Will Slack rightly criticizes the methodology (but not the result) behind the Forbes #1 ranking for Williams: 

The average salary of graduates is, in itself, not an accurate ranking of professional success within one’s field, but instead dependent on the fields that grads enter. A college with a lot of pre-Med and pre-finance students, like Williams, will do well here because of the kind of students who come here, not because we educate them especially better. 

Presumably creating a finance major, as outlined by David and supported bycommenters, including arjun and 19 mph can help us maintain our strength in that aspect of the Forbes rankings in the future. But maybe we’re already gaming the rankings through those majors we’re excluding. Consider this list of the “20 Worst-Paying College Degrees in 2010“:

1. Child and Family Studies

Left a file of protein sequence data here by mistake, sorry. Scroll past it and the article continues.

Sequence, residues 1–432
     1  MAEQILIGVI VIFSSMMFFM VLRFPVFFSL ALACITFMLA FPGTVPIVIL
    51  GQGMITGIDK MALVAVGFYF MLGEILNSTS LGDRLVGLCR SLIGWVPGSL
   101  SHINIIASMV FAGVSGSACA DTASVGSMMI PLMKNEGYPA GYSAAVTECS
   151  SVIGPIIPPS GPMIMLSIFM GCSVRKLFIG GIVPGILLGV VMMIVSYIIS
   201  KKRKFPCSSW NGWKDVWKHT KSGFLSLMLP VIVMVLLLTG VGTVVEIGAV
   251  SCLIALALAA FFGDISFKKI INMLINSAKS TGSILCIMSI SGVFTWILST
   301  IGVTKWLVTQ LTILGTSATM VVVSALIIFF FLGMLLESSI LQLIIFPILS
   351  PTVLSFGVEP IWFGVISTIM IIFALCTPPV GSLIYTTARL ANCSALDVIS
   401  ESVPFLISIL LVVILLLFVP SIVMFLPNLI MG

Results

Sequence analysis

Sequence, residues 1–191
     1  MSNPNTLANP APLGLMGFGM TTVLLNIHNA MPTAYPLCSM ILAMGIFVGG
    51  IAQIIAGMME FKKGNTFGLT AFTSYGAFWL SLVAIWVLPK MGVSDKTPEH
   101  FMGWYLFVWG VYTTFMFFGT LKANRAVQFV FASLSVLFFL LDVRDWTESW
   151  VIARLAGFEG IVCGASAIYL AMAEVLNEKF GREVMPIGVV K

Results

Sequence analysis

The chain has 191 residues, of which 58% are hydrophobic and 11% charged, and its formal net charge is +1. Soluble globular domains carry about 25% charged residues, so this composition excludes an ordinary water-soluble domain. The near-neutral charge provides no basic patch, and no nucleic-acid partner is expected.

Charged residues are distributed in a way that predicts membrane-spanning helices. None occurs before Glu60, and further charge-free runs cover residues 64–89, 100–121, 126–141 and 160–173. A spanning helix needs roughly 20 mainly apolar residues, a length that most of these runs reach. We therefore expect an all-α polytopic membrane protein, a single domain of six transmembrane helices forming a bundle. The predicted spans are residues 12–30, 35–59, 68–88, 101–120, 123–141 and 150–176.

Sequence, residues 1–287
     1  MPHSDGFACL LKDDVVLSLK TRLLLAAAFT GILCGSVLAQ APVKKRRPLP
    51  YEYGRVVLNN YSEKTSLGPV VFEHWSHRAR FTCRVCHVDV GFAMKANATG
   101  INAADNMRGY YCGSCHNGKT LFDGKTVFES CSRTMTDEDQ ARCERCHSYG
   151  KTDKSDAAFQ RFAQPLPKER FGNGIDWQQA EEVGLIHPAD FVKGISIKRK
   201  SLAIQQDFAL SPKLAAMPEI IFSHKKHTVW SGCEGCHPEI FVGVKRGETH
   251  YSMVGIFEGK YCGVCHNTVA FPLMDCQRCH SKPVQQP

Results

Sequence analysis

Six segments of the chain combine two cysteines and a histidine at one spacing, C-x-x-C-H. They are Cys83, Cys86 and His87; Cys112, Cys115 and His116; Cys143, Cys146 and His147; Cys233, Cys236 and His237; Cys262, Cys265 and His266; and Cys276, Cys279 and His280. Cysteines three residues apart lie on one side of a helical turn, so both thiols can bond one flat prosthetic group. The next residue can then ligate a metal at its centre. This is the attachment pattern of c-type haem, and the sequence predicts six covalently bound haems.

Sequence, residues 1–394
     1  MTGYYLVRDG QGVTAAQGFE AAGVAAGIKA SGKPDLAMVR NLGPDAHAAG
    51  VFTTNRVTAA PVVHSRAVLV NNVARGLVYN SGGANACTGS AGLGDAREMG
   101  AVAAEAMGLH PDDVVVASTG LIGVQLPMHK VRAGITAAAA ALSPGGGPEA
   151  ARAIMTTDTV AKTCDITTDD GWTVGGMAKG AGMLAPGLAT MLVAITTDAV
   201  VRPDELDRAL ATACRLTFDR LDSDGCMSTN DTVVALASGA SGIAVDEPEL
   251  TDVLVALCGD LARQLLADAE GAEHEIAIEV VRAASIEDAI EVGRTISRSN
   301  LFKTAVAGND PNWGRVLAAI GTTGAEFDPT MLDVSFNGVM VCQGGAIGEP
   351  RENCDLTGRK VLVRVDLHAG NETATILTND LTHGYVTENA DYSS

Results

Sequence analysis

2. Elementary Education        

 3. Social Work                    

4. Athletic Training            

5. Culinary Arts                         

6. Horticulture                         

7. Paralegal Studies/Law

8. Theology

9. Recreation & Leisure

10. Special Education

11. Dietetics

12. Religious Studies

13. Art

14. Education

15. Interdisciplinary Studies

16. Interior Design

17. Nutrition

18. Graphic Design

19. Music

20. Art History

Williams majors are pretty much absent from the top ten — and I’d bet given the examples of museum directors recently profiled in the New York Times, the Williams Art Mafia is doing its part to ensure that #20 isn’t dragging us down!

I did expect “Athletic Training” to finish a little better, though — isn’t that pretty much what every NFL player “majored in” during their “studies”?

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